Hb was low, MCV was normal and TSH was elevated indicating hypothyroidism.

    Total B12 level was 170pmol/L indicating sufficiency.

    Normal RBC folate and serum folate indicated that Iron status was normal and the anaemia was presumed to be due to the hypothyroidism.

    However, the Active-B12 concentration was only 4pmol/L indicating severe B12 deficiency.


    Although the Total B12 level was normal, the Active-B12 level was severely low showing that the patient was B12 deficient. Hypothyroidism patients can have this discrepancy between Total and Active B12 levels.

    I hope this helps,

    Kind regards,


  • I see that your serum B12 is 323. In some countries this would be regarded as low (Gemany and Japan) But not in the U.K. This test is also unreliable. You need to have the ACTIVE B12 test (Spire Hospitals) called the Holocobalamin test,and also be tested for the antibody to the intrisic factor. Then you will know a whole lot more and be able to take it from there.

  • Unfortunately there isn't a definitive test for B12 deficiency - the Active B12 test is better than the serum B12 test but even so there are significant numbers of documented cases of clinical B12 deficiency even when Active B12 - let alone Serum B12 are in 'range'.

    Guidance in the UK has changed over the last year as a result of this to be that you should treat on the basis of symptoms not test results

    1. UKNEQAS


    "18 February 2014

    B12 ALERT

    False normal B12 results and the risk of neurological damage

    "In the event of any discordance between clinical findings of B12 deficiency and a normal B12 laboratory result, then treatment should not be delayed. Clinical findings might include possible pernicious anaemia or neuropathy including subacute combined degeneration of the cord. We recommend storing serum for further analysis including MMA, or holotranscobalamin and intrinsic factor antibody analysis, and treating the patient immediately with parenteral B12 treatment.”

    (Posted by Polaris on this post a few days ago


    2. BCHS guidelines - Summary


    Summary of key recommendations

    The clinical picture is the most important factor in assessing the significance of

    test results assessing cobalamin status since there is no ‘gold standard’ test to

    define deficiency.

    Serum cobalamin remains the first line test currently, with additional


    line plasma methylmalonic acid to help clarify uncertainties of underlying

    biochemical/functional deficiencies.

    Serum holotranscobalamin has the

    potential as a first line test, but an indeterminate ‘grey area’ may still exist.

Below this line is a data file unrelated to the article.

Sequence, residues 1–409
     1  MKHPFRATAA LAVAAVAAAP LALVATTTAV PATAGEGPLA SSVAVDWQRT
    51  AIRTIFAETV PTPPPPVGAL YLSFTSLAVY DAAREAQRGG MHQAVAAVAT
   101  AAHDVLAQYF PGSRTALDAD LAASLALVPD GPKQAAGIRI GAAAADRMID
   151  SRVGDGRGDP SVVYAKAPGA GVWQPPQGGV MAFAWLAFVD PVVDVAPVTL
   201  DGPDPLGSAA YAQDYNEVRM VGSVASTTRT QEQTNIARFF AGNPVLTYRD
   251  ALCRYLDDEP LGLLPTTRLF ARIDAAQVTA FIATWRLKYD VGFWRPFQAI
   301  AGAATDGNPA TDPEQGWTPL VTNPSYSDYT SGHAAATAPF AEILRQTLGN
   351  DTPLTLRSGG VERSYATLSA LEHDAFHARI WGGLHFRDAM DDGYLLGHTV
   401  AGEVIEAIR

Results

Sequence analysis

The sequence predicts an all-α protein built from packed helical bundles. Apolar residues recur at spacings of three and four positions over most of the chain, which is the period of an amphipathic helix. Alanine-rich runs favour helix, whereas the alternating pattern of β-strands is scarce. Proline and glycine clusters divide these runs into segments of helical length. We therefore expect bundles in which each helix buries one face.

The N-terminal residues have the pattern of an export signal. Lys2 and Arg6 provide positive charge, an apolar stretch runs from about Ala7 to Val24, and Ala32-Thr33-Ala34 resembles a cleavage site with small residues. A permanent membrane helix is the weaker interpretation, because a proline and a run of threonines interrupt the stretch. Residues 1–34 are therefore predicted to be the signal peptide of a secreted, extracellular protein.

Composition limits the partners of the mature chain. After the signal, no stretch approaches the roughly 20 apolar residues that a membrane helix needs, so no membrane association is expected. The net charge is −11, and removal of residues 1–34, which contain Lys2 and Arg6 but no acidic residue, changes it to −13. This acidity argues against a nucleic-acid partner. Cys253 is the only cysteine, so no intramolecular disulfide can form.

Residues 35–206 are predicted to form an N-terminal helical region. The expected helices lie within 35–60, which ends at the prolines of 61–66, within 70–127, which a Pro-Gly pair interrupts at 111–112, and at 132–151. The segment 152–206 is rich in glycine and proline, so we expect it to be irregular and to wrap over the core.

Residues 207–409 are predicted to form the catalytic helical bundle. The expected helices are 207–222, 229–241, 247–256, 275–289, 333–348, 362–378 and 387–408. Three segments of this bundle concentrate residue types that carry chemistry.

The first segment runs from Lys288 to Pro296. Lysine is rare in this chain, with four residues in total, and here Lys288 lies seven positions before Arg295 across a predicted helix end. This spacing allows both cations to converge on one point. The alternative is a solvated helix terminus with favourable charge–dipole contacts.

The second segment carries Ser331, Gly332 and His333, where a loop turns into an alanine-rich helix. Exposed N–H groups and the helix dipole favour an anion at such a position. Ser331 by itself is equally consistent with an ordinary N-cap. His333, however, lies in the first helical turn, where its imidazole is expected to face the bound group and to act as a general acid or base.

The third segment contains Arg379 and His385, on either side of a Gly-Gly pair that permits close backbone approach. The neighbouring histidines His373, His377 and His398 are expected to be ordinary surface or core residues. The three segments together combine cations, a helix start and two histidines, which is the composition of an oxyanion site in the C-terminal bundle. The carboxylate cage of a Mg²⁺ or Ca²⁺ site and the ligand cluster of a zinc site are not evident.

Plasma homocysteine ma

    y be helpful as a second line test, but is less specific

    than methylmalonic acid. The availability of these second


    line tests is currently


    Definitive cut


    off points to define clinical and subclinical deficiency states are

    not possible, given the

    variety of methodologies used and technical issues, and

    local reference ranges should be established.

    In the presence of discordance between the test result and strong clinical

    features of deficiency, treatment should not be delayed to avoid neurological


    3. NICE


    Look down to section on B12 - 3rd bullet point:

    Interpret the results of the serum vitamin B12 test taking into account clinical symptoms and the following limitations:

    The test measures total, not metabolically active, vitamin B12.

    The levels are not easily correlated with clinical symptoms, although people with vitamin B12 levels of less than 75 picomol/L (approximately 100 nanograms/L) usually have clinical or metabolic evidence of vitamin B12 deficiency. In most people with vitamin B12 deficiency, the serum vitamin B12 level is below 150 picomol/L (approximately 200 nanograms/L).

    There is a large 'grey zone' between normal and abnormal levels and reference values (and units) may vary between laboratories.

    Clinically significant vitamin B12 deficiency may be present even with vitamin B12 levels in the normal range, especially in elderly people.

    Rare cases of false normal vitamin B12 results have been reported in the presence of high titres of anti-intrinsic factor antibody in people with megaloblastic anaemia or subacute combined degeneration of the cord. Therefore, the diagnosis of vitamin B12 deficiency should also include evaluation of the person's clinical state and other laboratory findings.

    Testing for anti-intrinsic factor antibodies is therefore recommended in people with strong clinical features of B12 deficiency, such as megaloblastic anaemia or subacute combined degeneration of the cord, despite a normal serum vitamin B12 level.